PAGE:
Jub Jub sentencing postponed

Musician Molemo "Jub Jub" Maarohanye is seen during the handing down of judgment in his and co-accused (front) Themba Tshabalala's murder trial at the Protea Magistrate's Court in Soweto, Wednesday, 10 October 2012. The two were allegedly drag-racing in Protea North in March 2010 when they crashed into a group of schoolchildren. Four boys were killed and two were seriously injured. Picture: Werner Beukes/SAPA

JOHANNESBURG – Sentencing in Molemo ‘Jub Jub’ Maarohanye and Themba Tshabalala’s case has now been postponed until next week.

In October, the pair was convicted of murder and attempted murder after crashing their Mini Coopers’ in Soweto over two years ago.

Four school pupils were killed and two others injured in the crash.

Jub Jub’s new lawyer requested the postponement.

He said he needed more time to compile his pre-sentencing report.

Family members of the victims were dressed in white shirts with ‘In memory of our children’ and the names of the victims printed on them.

The magistrate warned Jub Jub’s lawyer that he until Monday to prepare for the case.


Education key to development NWest stakeholders agree

The future prosperity and well- being of the North West Province and its residents depends on the efforts and the type of education we put in our children,stakeholders concurred at the North West Provincial Research Round-Table Discussion held in Rustenburg on Wednesday.

In summarising deliberations and inputs from delegates, Chairperson of the Planning Commission in the Office of the Premier for North West Province, Darkie Africa acknowledged the importance of skills development and education.

“We need to prioritise skills development and take education seriously to overcome the challenges of implementing our long term plans,” emphasized Africa.

The Roundtable, hosted in partnership with the Development Bank of Southern Africa (DBSA) and Statistics South Africa was held under the theme, “fragile states and dilemma for long term planning”.

Africa said shortage of professionals, doctors, artisans and engineers to be specific was largely responsible for the country’s failure to achieve its past development plans.

Africa also cited that the education system must begin to produce graduates that are needed in our workforce.

“School institutions need to produce more graduates in scarce skills fields, we must not only produce graduates that are going to loiter at home,” he said

Dr David Monyai of DBSA advised delegates that South Africa could learn from other countries that have got the best education system such as South Korea.

“We cannot shy away from the fact that there are countries that have got the best education system that talks to the need of the workforce in their own countries.

The best education system in South Africa will make easy for the country to achieve most of its plans such as having more job opportunities, inequality, reduction of crime etc,” he said.

Dr William Gumede who made a presentation on delivering a democratic developmental state for South Africa also agreed with other presenters that education forms the most important part of the plan such as that of the 2030 national plan in the country.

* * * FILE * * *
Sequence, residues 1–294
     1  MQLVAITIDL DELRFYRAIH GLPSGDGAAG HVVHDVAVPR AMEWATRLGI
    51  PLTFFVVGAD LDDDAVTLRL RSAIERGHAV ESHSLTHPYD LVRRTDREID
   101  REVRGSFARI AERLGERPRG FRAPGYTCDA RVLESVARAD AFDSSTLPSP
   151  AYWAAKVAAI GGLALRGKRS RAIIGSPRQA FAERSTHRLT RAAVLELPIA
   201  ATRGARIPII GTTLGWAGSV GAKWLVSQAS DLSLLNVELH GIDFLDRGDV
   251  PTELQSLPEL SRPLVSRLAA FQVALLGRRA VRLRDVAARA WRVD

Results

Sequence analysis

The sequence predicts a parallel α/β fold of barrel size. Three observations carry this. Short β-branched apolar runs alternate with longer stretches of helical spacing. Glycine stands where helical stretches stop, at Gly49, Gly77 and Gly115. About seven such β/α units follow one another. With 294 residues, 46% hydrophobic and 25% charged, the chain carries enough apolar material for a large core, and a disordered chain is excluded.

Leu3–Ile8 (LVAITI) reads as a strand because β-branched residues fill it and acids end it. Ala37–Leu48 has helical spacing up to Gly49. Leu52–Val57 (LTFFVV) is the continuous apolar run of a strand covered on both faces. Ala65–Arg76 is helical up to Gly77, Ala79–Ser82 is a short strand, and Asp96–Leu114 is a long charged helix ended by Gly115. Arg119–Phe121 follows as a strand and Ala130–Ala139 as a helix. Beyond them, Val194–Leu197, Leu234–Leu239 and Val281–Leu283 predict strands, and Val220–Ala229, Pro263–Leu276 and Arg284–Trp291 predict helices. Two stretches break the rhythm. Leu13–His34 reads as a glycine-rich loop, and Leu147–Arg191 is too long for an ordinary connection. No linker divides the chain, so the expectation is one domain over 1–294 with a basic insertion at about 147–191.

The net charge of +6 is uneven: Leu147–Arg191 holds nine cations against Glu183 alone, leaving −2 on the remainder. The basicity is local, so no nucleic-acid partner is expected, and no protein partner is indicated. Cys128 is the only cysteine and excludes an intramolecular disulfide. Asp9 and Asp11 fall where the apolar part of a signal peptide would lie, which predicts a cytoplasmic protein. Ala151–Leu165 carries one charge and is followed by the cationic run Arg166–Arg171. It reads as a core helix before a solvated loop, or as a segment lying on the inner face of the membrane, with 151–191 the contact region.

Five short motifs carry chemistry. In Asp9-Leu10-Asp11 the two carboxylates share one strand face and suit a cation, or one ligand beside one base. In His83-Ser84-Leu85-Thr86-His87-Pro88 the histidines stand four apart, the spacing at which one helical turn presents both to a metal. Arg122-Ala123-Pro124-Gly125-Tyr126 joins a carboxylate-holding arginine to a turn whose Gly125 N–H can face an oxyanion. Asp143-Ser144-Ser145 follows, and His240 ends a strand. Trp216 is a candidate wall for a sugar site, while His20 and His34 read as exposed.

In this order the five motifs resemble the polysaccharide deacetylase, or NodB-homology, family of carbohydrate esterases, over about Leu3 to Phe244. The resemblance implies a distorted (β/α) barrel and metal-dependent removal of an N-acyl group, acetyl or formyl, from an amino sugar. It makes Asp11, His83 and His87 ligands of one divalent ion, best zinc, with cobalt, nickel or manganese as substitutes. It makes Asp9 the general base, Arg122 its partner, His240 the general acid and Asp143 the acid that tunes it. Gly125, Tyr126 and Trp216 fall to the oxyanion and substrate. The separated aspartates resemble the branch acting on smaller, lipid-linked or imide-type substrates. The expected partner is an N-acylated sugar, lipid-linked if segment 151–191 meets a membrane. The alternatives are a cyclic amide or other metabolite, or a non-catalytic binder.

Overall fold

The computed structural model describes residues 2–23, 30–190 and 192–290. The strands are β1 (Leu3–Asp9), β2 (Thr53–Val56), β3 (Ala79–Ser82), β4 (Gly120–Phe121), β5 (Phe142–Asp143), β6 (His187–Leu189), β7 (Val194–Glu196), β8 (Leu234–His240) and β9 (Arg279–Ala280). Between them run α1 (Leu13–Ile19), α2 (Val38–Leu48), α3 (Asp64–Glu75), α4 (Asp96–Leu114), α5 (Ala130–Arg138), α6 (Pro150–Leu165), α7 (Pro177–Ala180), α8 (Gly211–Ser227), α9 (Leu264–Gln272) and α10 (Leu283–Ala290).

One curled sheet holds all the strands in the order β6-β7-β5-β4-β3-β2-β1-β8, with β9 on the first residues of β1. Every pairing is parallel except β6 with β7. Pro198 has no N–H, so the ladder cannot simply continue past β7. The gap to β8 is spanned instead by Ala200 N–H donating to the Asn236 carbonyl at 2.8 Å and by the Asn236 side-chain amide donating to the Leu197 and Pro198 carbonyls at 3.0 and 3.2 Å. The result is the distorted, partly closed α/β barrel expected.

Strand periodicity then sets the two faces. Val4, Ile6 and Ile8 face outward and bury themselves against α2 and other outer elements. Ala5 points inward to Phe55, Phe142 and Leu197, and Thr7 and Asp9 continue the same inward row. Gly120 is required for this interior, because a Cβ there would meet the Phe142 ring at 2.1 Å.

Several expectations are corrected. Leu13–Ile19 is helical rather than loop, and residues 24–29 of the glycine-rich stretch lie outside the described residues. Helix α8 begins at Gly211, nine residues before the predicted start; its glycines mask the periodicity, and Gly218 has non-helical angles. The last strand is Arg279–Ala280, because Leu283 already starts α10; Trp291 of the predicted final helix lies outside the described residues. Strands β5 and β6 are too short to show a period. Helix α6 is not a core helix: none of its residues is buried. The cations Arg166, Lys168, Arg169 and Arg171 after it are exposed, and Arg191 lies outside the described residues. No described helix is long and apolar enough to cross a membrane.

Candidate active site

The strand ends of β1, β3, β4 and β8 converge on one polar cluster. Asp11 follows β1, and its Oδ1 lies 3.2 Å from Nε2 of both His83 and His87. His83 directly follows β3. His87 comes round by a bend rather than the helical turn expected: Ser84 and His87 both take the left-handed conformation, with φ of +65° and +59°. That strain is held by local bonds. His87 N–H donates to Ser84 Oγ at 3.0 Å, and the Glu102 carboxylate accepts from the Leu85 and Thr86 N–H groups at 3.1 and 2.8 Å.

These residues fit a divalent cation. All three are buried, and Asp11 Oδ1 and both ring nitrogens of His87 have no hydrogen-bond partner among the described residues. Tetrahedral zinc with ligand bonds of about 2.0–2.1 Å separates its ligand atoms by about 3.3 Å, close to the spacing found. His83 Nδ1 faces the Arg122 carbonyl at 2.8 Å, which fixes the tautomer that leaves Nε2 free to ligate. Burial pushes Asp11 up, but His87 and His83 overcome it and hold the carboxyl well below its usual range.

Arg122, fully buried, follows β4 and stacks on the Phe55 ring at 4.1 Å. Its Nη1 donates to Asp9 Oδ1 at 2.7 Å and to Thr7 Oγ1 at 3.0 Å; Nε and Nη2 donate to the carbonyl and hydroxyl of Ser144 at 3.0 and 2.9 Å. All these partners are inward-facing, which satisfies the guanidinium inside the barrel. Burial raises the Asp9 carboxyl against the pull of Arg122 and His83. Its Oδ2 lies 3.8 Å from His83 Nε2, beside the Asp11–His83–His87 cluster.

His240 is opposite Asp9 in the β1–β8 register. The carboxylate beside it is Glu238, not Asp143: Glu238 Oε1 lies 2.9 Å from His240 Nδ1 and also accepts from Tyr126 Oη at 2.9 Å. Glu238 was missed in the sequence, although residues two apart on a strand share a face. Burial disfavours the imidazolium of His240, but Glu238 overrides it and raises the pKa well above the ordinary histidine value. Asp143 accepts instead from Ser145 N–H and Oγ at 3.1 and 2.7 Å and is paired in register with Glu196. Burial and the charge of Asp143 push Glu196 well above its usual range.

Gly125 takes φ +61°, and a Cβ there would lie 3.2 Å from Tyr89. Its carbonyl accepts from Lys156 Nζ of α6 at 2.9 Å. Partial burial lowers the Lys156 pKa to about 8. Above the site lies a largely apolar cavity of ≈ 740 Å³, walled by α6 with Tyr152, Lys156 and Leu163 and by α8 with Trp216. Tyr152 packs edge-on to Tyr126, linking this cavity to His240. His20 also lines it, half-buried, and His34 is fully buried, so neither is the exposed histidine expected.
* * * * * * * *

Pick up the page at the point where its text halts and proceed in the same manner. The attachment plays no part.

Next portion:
“We all agree that the National Planning Commission have the best plan that can take the country forward.

The most important thing to do in implementing the long term plan is to priorities education and also makes sure that it supplies the workforce with the quality graduates,” he added.


Jilted Pattinson suffers in silence

IOL pic june15 robert pattinson

(File image) Robert Pattinson

Robert Pattinson has “nobody to talk to” about his relationship problems.

The ‘Twilight Saga’ star has moved out of the Los Angeles home he shared with Kristen Stewart following her admission she cheated on him with married director Rupert Sanders and has reportedly left friends worried by sharing his woes with fellow guests at the hotel where he is temporarily staying.

One friend told The Sun newspaper: “Robert has resorted to asking strangers out to keep him company. He went out for drinks with a woman staying in his hotel and he told her it was ‘ridiculous’ he had nobody to talk to.”

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Flirty women get the best car deals

IOL mot jul30 woman salesman car


The next time you’re looking for a bargain, gentlemen, you might want to let your wife do the talking.

A study found that women who flirt while negotiating the price of a car can secure a substantial discount.

But, rather unsurprisingly, the ploy only worked when the seller was male.

UK and US researchers carried out a series of experiments on the merits – and drawbacks – of feminine charm.

This was defined as combining warmth and friendliness with playfulness, flattery and sexiness.

In one experiment, around 100 men and women were told to imagine they were selling a car worth £750 (R9600). They were then given written details of a possible female buyer.

Half received a description of a woman who flirted through the negotiation.

Her tactics included looking the seller up and down, leaning forward and touching the seller’s arm, flattering the seller and, finally, winking when asking for his or her best price. The other half read a description of a much more business-like transaction.